Tobias Moskowitz says the premise of the book he co-authored with Sports Illustrated senior writer L. Jon Wertheim is simple.
"We tried to show that in sports, as in many other areas of life, what people take for granted may not be true," Moskowitz says of Scorecasting: The Hidden Influences Behind How Sports Are Played and Games Are Won. "We try to tie the sports world to some of the things we see in financial markets, and bring the games to our audience in a different light."
Moskowitz earned a bachelor’s and master’s degree from the Krannert School, where his father, Herb, was a longtime faculty member. He is the Fama Family Chaired Professor of Finance at the University of Chicago’s Booth School of Business. In 2007, he received the Fischer Black Prize from the American Finance Association as the top finance scholar under the age of 40.
He met Wertheim, whose father was a distinguished English professor at Indiana University, on the Indiana junior tennis circuit, where they were doubles partners. They stayed in contact, and talked about writing the sports equivalent of the popular book Freakonomics.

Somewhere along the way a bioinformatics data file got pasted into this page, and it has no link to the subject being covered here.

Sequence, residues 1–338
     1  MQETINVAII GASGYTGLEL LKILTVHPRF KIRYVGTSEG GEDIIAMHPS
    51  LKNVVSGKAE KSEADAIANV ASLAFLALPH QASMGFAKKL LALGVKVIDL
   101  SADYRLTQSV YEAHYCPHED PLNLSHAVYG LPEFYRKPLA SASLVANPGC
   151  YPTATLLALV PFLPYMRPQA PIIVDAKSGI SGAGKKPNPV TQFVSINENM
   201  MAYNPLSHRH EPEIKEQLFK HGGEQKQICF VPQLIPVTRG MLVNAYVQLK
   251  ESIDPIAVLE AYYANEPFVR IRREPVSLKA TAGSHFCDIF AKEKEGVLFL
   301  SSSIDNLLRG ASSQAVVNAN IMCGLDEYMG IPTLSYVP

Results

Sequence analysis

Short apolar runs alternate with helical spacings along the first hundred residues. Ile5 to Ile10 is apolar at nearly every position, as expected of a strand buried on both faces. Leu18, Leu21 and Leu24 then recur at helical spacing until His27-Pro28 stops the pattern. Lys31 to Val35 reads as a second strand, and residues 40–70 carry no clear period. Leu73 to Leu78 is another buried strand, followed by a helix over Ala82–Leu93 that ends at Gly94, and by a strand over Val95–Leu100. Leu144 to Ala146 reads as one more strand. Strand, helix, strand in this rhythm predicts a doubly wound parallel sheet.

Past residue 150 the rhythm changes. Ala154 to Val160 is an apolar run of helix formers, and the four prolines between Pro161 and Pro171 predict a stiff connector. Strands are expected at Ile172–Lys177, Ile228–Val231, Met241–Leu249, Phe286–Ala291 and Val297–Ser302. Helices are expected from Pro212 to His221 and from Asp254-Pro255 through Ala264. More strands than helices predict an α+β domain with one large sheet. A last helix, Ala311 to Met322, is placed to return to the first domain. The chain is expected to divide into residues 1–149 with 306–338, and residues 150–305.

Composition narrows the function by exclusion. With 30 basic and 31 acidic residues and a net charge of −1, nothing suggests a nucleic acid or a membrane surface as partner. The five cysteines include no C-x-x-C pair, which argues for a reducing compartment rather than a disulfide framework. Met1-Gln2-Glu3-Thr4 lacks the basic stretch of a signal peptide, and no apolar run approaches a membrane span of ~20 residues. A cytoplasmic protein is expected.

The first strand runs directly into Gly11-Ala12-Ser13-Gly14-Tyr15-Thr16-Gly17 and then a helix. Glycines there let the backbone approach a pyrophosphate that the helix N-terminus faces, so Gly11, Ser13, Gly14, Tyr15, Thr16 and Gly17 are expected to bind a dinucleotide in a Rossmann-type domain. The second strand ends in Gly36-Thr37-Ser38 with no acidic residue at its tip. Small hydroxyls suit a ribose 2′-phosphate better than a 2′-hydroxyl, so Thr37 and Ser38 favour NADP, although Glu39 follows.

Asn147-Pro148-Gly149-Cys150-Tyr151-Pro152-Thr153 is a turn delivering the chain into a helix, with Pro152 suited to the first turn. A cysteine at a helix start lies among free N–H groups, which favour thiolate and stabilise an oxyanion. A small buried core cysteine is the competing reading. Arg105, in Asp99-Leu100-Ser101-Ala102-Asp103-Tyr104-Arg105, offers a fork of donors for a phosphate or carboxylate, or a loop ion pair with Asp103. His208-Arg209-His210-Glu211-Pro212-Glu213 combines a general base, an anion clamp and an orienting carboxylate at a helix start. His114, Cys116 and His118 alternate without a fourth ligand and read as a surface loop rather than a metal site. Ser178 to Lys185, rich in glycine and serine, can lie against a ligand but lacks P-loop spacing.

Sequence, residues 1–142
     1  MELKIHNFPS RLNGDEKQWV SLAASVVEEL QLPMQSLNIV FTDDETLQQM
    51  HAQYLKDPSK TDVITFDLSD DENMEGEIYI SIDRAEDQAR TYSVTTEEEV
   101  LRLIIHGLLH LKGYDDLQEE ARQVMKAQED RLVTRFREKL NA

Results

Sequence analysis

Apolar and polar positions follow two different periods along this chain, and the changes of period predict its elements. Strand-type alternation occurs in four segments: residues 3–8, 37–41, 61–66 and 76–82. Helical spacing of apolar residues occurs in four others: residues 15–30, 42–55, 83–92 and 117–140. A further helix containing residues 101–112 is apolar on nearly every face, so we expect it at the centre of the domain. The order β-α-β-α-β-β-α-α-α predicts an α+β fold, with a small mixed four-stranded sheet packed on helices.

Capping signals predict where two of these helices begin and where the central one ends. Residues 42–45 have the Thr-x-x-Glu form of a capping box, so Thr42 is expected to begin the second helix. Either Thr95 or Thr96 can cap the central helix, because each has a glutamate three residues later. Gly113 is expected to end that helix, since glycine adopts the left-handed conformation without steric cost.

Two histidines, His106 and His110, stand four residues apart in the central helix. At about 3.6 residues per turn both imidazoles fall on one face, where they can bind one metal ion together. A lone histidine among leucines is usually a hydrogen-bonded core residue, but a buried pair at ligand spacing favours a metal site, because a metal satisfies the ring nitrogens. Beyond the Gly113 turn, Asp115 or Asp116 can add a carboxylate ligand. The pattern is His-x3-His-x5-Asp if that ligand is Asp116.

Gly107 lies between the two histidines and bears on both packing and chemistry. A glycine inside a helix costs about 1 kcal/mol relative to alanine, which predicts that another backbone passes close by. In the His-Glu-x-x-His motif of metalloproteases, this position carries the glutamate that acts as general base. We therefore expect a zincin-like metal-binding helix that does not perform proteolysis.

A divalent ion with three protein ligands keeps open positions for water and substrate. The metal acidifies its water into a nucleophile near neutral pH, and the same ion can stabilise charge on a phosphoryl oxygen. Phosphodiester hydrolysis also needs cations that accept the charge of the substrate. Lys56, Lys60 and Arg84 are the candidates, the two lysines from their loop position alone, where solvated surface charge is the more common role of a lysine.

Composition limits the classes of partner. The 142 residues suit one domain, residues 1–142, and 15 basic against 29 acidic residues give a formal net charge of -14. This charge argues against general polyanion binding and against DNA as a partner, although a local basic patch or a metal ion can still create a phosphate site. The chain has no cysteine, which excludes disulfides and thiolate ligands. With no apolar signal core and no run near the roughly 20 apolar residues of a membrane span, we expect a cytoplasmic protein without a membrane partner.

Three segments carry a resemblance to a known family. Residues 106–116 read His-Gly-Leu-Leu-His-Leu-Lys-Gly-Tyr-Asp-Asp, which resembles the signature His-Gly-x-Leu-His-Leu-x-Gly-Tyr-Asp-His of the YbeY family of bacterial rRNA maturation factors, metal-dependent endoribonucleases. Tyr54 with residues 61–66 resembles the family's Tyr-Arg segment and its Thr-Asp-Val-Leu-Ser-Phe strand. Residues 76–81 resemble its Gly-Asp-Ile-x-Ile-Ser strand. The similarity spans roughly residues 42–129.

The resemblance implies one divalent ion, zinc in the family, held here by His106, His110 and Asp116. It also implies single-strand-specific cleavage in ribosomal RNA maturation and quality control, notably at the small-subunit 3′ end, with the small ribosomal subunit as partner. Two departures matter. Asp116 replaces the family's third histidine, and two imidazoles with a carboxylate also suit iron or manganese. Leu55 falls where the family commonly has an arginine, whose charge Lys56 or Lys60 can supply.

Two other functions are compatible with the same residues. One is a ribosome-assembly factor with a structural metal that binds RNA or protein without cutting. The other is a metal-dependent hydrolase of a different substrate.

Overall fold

(Ironically, Freakonomics author and fellow University of Chicago Professor Steven Levitt was the keynote speaker at the 2010 Krannert Leadership Speakers Series dinner, where Moskowitz received the John S. Day Distinguished Alumni Academic Service Award.)
Scorecasting was released on January 25, and the authors have been busy promoting the book ever since. They were in Dallas for Super Bowl XLV, doing close to 40 media interviews, including spots on "CNN Morning America" and "NPR Weekend Edition." The book has been reviewed in several outlets, including the New York Times and the Wall Street Journal.
Among the topics covered in the book are the worth of top draft picks, the importance of offense vs. defense, and the perpetual ineptitude of the Chicago Cubs. But no topic has generated as much buzz as the discussion of home field advantage. The authors say that the main reason for home team success is officiating.
"We found that officials in every sport tend to be influenced by the home crowd," Moskowitz says. "We’re not saying they try to fix games in any way. We’re simply saying they are human beings, and they perform according to human nature."